DH and I fundamentally disagree on how to handle this. He concedes that The Boy doesn’t seem as smart or motivated as we hoped he’d be, but says that at six, it doesn’t matter; that it might take him until he’s 20 to find his stride, but that it’s not a problem (it wasn’t for him, after all).  But I keep pointing out that it’s different for The Boy than it was for us. When we were kids, there were two comprehensive schools in our town, both of which were much of a muchness, and neither of which had entry criteria. Here, though, our two nearest secondary schools are polarised; one is an extremely well-regarded super-selective, while the other is a pretty average comp that until recently, has had a dodgy reputation. Okay, so The Boy is still five years away from the Eleven Plus, and I am absolutely *not* considering tutoring at this age, but I do feel he’s not too young to be developing a work ethic.

So what do we do? I don’t know. I am adamant that I will not ruin his childhood by hothousing him, but equally, as a parent, I have to take some responsibility for his learning. I would be letting him down enormously if I didn’t encourage him in the right direction. But it’s hard – especially when I have such an unwilling learner on my hands, and not a whole lot of patience.

Next half-term, The Boy will get his first formal school report, and then I will find out if my concerns are valid, or if he has – as predicted at the start of the year – achieved higher than average levels. My suspicion is that he’ll be above average, but won’t have done as well as he could have (just like his father). Then I suppose we can make an informed decision about how much we push him at home.

For now, though, nothing would make me happier than him coming home with a certificate in his book bag. Just once…


6 thoughts on “Must try harder

  1. I agree with your DH, they do have to find their own stride but can sympathise with your disappointment too. Our school doesn’t give homework for infants apart from reading but our juniors get maybe an hour a week. I’m surprised the school doesn’t make sure he gets a certificate or award now and again for something by way of encouragement.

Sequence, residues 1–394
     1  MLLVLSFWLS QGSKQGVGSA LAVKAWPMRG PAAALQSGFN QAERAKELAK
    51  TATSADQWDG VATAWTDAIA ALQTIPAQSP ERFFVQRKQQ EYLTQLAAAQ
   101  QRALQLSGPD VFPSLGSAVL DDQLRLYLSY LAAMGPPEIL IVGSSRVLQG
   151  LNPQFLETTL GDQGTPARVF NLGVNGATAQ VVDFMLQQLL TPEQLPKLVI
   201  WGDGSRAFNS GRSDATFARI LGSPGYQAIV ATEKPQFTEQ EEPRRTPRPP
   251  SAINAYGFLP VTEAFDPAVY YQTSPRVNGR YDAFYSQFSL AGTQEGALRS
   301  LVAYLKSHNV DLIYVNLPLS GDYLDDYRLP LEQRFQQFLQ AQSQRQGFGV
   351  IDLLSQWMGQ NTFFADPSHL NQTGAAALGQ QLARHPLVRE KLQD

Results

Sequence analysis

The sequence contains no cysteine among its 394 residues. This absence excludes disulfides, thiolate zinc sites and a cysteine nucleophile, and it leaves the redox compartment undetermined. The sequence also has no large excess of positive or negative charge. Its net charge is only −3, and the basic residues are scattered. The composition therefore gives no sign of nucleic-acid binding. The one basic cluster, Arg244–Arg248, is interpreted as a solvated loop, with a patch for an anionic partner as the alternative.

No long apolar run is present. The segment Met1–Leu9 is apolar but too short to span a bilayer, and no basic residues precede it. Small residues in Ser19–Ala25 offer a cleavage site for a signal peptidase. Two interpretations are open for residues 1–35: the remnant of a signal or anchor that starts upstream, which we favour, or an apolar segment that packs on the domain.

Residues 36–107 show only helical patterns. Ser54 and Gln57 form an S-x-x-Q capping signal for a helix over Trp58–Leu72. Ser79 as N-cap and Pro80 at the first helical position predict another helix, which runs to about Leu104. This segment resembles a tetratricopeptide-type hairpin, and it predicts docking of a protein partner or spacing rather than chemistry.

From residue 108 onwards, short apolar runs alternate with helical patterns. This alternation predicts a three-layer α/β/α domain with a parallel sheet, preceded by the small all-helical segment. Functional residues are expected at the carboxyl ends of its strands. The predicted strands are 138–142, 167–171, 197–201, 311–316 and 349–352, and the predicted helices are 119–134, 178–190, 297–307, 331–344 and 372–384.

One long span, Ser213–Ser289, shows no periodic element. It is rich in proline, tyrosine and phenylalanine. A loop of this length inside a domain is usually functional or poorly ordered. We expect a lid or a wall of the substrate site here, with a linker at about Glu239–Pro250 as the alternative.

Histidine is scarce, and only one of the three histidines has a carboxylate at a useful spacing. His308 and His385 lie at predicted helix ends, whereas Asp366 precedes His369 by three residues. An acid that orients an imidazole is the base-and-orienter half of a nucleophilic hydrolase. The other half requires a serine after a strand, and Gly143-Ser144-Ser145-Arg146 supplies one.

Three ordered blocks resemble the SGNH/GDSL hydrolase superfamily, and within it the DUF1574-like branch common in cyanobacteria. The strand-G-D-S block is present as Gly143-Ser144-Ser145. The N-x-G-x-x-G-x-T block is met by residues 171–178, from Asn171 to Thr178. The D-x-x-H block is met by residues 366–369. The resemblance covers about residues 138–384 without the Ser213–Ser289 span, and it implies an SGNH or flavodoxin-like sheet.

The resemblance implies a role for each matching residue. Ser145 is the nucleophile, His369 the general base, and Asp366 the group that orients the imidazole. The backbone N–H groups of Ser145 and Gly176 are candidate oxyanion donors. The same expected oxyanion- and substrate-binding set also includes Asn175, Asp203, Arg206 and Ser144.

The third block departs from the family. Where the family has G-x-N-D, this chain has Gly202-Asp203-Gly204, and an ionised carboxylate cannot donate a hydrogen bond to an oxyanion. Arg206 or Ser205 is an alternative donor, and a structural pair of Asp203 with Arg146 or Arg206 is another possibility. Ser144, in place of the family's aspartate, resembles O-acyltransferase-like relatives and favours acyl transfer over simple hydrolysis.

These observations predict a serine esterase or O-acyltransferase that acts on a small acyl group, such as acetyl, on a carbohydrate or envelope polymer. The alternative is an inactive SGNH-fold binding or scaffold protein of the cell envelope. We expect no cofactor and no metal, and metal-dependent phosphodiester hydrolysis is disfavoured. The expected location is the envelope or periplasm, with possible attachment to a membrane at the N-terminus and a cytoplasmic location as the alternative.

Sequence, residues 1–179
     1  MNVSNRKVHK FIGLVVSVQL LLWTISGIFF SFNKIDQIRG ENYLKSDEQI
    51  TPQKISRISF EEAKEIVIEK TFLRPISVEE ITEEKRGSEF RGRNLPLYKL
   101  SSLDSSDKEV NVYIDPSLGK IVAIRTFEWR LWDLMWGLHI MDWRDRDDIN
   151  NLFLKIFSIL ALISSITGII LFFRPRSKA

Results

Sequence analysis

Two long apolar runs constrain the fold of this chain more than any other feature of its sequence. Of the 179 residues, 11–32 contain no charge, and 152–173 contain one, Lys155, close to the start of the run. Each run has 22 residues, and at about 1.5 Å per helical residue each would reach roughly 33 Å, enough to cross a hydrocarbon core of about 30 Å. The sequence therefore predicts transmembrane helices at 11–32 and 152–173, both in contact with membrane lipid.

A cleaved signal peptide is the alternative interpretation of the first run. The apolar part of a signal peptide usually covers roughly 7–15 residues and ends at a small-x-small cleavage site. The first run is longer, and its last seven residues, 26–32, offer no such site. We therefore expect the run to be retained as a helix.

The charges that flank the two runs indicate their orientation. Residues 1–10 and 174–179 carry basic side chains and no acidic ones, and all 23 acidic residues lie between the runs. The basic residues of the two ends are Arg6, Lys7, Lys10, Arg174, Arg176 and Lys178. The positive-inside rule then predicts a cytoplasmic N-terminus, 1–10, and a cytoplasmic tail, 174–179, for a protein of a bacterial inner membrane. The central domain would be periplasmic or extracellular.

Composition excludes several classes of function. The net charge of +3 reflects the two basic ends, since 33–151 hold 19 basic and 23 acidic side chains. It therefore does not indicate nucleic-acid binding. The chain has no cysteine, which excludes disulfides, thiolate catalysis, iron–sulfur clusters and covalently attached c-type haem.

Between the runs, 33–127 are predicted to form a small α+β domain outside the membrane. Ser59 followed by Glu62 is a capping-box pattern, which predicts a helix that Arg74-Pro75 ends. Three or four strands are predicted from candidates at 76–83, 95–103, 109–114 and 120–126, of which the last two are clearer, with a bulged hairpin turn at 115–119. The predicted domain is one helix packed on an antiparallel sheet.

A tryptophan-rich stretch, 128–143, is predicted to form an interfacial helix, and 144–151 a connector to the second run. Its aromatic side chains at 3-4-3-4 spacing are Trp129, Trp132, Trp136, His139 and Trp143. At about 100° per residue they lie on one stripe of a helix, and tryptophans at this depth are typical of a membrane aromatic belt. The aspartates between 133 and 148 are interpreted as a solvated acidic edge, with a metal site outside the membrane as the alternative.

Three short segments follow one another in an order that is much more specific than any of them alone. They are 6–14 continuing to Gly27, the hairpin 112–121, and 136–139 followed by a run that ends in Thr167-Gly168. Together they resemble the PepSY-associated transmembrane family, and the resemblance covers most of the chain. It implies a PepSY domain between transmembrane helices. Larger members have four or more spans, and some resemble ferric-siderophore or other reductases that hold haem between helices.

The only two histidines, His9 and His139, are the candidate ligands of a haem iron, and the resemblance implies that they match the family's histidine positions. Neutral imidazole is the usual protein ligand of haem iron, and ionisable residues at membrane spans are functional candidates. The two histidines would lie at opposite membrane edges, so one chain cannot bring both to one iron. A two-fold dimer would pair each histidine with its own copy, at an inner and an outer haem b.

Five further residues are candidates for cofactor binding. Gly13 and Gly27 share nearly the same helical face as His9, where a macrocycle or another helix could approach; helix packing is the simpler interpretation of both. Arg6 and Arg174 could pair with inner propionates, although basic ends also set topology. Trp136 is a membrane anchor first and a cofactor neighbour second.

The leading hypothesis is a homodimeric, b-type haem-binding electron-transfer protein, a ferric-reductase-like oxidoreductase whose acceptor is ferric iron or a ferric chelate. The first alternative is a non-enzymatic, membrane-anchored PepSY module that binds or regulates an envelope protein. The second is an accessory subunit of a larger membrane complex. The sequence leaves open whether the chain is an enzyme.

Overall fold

• I think my worry is that he won’t find his stride unless we encourage him to. I feel we can be rather too laissez-faire with his learning (case in point, he had his show and tell this week; T said he didn’t want to make any notes and would just say what was in his head. I’m sure he was fine, as he can talk for England, but really, I should have insisted that he do at least *some* prep – the note that comes home specifically says ‘Please help your child prepare a short presentation’). I hope he’ll get some sort of certificate at some point, even if, as you say, it’s only to encourage him.

  2. Don’t worry, I have 5 boys, they rarely work at their best unless it is something which really captures their imagination. Boys come good later, so long as they enjoy school they will take it all in and do well. Having said that we have given all ours after school help in the primary years as I believe in really enforcing the basics in maths and English.

    • That’s good to know. Boy mentality is not always the easiest thing for a mother to understand, is it? I agree that Maths and English matter an awful lot; luckily DH is Maths/Science and I’m Arts so hopefully the combination of our genes will see him through.

  3. great post, all three of mine are how you describe and I sometimes wonder the same if my lack of pushy parenting is allowing them to not furfil their potential, but homework is met with frustration from me and upset from them as they sit and twiddle their thumbs acting like its the most difficult task ever! I have a firm belief that if they enjoy school and their childhood then thats got to be more beneficial than making everything about how well they have done, pulling them up on their mistakes and ultimately lowering their self esteem, i don’t know if its the right way I just hope like your other half they grow into loving learning and find that something that sparks their enthusiasum as they get older, as long as they go to school and return with smiles on their faces I’m happy with average grades

    • I’m so glad I’m not alone in these homework dramas. And yes, let’s hope our children grow into a love of learning without us having to be too mean to them!